We also pioneered a reduced-intensity bone marrow transplant program. The program helps reduce the negative effects a bone marrow or stem cell transplant has on the body's organs.

Because transplants are high-risk treatments, your child may need to take medicine for his or her entire life.


Paul Szabolcs, MD

Chief, Bone Marrow Transplantation and Cellular Therapies

Dr. Szabolcs is a pioneer in reduced-toxicity/intensity unrelated donor cord blood transplant for inborn immunity errors. He's the first to prove the usefulness of sequential lung and bone marrow transplantation from the same unrelated deceased donor.


What to Expect

If your child has been diagnosed with HLH, we want you to know that you are not alone – the Center for Rare Disease Therapy is here to help.

Our specialists have the expertise and experience to treat HLH across the spectrum of severity and in children of all ages. Because our doctors work as a team, your child can be seen by all of the specialists he or she needs in one visit. These may include specialists in the immune system, blood diseases, bone marrow or liver transplantation, genetic counseling, and child development.

We understand that the whole family is affected when a child has a rare disease. We see each family as our partner in caring for their child. We think the best approach to caring for a child with a rare disease emerges when we combine our depth of experience in rare diseases with your expertise in what’s best for your child.

We will talk with you about what we think is likely to happen with your child in the near future and about options we can suggest for treating and caring for your child. If surgery is an option for your child, we will help you understand what the surgery entails and what you may need to do to prepare for it. We will also talk with you about what you can do at home to care for your child and improve his or her quality of life. Please feel free to ask our specialists any questions you have about your child’s disease, treating and caring for your child, or anything else that is on your mind.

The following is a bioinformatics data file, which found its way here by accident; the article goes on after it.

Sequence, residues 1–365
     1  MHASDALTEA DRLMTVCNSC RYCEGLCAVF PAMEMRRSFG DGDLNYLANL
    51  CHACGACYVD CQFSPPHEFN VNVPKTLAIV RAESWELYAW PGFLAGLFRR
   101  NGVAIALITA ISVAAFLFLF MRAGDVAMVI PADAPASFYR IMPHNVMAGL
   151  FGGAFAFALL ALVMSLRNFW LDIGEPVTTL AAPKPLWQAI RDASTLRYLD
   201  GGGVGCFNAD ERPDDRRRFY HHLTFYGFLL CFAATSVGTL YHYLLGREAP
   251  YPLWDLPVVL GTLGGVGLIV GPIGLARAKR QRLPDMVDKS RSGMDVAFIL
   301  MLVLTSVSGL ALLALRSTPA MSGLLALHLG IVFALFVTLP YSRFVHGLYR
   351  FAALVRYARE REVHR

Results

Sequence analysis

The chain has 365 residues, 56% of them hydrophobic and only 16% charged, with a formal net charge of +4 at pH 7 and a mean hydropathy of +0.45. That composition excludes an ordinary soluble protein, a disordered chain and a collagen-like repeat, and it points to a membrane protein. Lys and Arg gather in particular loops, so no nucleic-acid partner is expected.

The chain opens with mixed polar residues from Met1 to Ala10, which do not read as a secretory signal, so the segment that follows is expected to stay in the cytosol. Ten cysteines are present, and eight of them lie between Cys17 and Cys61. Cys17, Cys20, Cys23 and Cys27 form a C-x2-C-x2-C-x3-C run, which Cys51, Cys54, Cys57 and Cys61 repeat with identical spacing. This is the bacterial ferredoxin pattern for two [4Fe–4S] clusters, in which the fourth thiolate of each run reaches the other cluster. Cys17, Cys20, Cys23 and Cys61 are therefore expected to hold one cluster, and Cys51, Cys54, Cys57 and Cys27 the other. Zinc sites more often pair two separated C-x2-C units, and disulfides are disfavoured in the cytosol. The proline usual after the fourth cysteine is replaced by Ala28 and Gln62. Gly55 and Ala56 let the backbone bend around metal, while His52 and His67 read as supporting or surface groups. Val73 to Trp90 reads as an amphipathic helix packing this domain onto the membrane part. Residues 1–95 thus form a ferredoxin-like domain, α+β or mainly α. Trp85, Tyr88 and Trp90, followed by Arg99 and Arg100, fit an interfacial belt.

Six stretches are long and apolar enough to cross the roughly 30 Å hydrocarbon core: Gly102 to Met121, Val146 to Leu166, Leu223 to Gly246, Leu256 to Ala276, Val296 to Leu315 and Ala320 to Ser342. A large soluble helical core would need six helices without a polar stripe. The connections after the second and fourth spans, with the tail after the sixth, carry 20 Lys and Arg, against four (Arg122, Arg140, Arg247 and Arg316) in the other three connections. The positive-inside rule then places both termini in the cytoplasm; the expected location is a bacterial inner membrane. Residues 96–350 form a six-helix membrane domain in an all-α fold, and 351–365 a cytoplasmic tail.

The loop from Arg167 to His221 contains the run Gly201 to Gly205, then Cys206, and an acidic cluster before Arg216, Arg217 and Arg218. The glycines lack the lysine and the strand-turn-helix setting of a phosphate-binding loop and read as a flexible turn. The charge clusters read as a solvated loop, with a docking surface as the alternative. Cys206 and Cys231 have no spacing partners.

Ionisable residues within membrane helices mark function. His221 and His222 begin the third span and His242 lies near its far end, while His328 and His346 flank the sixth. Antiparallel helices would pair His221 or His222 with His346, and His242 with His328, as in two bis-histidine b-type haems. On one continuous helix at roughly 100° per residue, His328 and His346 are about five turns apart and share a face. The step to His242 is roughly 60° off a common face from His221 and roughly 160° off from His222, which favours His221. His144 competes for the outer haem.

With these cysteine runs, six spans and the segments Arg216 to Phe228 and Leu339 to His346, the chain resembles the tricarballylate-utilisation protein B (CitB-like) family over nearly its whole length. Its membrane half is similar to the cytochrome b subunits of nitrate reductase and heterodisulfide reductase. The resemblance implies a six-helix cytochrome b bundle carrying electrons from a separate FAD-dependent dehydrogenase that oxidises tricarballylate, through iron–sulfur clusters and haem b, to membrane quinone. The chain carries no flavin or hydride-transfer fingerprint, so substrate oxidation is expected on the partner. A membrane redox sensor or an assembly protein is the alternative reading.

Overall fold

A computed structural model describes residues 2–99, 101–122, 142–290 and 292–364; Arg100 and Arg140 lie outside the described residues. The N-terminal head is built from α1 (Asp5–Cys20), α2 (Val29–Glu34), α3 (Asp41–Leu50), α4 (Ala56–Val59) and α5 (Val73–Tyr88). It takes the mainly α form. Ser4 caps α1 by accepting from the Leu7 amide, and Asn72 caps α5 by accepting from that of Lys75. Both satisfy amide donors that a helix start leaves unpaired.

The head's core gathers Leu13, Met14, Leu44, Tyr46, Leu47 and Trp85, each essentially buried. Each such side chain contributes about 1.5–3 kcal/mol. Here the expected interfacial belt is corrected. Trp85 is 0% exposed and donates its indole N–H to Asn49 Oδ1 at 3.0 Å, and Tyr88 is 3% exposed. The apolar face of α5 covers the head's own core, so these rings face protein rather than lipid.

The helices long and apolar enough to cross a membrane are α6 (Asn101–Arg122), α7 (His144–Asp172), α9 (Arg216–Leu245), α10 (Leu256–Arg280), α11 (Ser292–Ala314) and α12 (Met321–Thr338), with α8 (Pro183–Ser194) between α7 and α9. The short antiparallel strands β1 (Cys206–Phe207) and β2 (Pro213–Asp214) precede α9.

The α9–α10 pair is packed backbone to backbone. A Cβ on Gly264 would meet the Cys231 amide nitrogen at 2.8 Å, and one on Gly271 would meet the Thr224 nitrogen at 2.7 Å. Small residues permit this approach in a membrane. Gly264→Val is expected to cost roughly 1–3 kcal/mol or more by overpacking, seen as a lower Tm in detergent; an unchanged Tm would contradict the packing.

How long might we have to wait for test results?

If the doctors order tests, you can expect to receive a phone call within 2 weeks to explain the results and discuss recommended next steps. Test results are also made available on Children's patient portal, myCHP, which is provided at no cost to patients, parents, and guardians.

To make an appointment with one of our specialists for your child with HLH, please call Jodie Vento at 412-692-7273 or send an email to rarecare@chp.edu.


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Contact Us

At the Center for Rare Disease Therapy, every child diagnosed with a rare disease receives an individualized treatment plan and family-centered care.

For an appointment, consultation, or patient referral with an expert at Children’s Hospital of Pittsburgh of UPMC for a child diagnosed with HLH, please contact:

Jodie Vento, MGC, LCGC
Phone: 412-692-7273
Email: RareCare@chp.edu